• The number of claims disposed of reached 122,800, representing a 9% increase on the previous year.
  • The claims that increased in number related to the Working Time Directive (up 20%), Part-Time Workers Regulations (almost trebled) and age discrimination (up 32%).
  • Of the claims disposed of by Employment Tribunals, only 12% were successful, 29% the subject of Acas-conciliated settlements and 32% were withdrawn.
  • The average tribunal award in claims of unfair dismissal was £8,924; the average awards for discrimination, except on grounds of age, were between £8,515 (religious discrimination) and £14,137 (disability discrimination). The average award for age discrimination was much higher than any other type of discrimination at £30,289.
  • 355 costs awards were made in favour of respondents, while only 132 costs awards were made in favour of claimants.

Overall these statistics show some positive trends for employers, as well as serving as a salient reminder of those areas of the employment relationship that warrant close attention.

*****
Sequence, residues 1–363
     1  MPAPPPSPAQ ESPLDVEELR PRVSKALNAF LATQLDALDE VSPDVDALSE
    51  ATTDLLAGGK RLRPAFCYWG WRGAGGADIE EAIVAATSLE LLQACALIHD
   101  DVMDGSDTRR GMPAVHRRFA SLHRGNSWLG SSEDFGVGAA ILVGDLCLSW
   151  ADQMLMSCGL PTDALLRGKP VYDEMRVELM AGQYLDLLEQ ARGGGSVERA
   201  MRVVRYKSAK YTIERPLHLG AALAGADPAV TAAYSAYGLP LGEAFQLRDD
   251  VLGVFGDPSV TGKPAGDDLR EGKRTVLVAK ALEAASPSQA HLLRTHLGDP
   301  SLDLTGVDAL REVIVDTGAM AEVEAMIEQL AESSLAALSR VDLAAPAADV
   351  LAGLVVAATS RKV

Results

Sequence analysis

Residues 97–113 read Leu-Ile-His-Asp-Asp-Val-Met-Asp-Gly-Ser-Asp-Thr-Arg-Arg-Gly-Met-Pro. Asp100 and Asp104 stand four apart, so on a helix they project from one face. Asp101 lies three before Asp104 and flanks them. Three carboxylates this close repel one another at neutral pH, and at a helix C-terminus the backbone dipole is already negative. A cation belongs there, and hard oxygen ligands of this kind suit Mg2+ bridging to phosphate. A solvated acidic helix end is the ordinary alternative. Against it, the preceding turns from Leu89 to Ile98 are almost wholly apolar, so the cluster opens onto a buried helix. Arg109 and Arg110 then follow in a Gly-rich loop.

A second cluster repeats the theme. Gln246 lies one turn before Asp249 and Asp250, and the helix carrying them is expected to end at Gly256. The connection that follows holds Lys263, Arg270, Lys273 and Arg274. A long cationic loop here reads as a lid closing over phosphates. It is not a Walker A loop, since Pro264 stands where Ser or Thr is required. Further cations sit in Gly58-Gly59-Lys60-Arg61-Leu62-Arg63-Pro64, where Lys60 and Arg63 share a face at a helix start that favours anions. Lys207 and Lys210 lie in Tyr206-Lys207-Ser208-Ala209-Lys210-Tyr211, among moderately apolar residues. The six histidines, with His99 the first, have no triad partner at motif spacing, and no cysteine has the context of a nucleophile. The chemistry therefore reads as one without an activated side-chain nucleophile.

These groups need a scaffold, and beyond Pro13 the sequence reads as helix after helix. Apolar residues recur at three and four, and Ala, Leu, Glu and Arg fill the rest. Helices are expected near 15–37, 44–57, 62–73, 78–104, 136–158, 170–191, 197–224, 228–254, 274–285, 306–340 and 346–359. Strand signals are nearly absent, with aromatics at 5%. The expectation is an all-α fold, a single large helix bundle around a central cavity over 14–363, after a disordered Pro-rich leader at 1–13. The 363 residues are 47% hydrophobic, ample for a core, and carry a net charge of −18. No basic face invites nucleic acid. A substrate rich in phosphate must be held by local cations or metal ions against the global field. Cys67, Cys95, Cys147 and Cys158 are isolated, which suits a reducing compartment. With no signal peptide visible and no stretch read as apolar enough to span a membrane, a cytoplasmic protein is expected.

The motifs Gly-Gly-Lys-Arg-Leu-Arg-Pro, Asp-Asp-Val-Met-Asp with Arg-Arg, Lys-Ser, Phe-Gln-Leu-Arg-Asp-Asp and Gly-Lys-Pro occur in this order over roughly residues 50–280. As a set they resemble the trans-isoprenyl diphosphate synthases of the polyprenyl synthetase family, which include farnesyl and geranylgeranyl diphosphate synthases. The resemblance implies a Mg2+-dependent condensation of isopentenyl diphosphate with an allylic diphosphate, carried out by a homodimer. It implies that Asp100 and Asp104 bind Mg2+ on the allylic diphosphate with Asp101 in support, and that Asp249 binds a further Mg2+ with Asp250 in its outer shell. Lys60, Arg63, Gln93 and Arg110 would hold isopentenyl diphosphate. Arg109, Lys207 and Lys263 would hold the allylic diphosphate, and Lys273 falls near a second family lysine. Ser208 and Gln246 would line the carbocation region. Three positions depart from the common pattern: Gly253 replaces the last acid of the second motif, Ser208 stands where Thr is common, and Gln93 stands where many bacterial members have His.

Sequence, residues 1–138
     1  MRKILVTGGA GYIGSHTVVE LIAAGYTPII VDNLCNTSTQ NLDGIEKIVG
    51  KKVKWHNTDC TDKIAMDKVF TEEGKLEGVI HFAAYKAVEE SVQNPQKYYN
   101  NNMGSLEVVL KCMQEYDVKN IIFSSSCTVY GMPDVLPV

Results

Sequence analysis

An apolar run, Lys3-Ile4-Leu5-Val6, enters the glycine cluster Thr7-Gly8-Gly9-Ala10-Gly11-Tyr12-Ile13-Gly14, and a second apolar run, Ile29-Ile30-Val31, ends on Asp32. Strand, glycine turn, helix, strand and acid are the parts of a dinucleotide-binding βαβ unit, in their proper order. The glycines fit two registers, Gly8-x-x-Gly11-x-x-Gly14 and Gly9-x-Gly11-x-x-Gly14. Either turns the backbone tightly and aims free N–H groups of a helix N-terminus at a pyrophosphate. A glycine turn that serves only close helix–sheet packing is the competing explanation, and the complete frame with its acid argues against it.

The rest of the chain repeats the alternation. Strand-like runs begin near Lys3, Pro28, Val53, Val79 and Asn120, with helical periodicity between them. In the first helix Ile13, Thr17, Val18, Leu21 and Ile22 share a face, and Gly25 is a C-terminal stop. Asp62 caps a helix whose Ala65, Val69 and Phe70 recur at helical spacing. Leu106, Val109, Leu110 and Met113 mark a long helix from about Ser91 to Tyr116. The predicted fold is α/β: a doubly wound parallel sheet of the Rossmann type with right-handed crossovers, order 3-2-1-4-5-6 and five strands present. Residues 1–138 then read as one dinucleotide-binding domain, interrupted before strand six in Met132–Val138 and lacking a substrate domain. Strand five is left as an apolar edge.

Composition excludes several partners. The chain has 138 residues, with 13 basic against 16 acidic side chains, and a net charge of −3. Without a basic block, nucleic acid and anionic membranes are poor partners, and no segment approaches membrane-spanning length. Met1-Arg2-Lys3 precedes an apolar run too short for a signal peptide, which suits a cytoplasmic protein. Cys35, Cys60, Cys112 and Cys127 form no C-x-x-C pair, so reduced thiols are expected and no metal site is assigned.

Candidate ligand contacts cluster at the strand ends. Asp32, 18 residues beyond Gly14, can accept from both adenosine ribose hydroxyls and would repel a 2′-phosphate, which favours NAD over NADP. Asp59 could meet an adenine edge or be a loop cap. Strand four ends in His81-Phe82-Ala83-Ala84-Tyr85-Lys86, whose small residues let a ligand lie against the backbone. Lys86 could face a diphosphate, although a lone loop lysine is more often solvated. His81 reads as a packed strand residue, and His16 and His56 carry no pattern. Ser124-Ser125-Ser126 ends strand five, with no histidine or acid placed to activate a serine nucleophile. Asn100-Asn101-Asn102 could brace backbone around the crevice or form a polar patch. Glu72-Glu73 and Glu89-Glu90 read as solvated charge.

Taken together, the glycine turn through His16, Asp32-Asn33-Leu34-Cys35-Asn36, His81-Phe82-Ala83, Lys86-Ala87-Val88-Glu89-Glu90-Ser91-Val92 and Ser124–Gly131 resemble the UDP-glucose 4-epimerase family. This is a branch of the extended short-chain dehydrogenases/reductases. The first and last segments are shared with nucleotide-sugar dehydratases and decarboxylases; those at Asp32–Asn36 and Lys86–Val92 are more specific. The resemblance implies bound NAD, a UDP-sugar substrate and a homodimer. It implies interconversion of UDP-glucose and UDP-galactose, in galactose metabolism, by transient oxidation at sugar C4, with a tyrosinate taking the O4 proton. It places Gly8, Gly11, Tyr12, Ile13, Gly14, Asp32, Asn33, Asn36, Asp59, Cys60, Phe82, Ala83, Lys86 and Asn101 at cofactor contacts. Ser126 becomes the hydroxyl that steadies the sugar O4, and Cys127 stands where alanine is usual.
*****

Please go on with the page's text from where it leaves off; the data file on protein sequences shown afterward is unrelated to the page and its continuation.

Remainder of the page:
Abolition of Default Retirement Age

By way of a reminder, the default retirement age (‘DRA’) was abolished on 1 October 2011.

Under the new rules termination of the employment contract by compulsory retirement at a set age will be unlawful age discrimination and an unfair dismissal unless the employer:

  1. can justify (objectively) the retirement age and its relevance to the particular individual, and
  2. follows a fair procedure (including consideration of any request from the employee to continue working).

The difficulty attached to attempting to justify the continued use of compulsory retirement has led many employers to abandon the concept. However employers should be aware that it is not enough simply to announce this to their employees. Changes will need to be made to contractual documentation and employers will need to consider the impact of this on  various benefits policies, performance review systems and future planning procedures and where amendments and adjustments should be made.

For more information on this topic and the strategic and practical steps that employers should be taking, please see our August 2010 article, ‘Default retirement age has one foot in the grave’

DWP Guidance on Maternity Leave and Pensions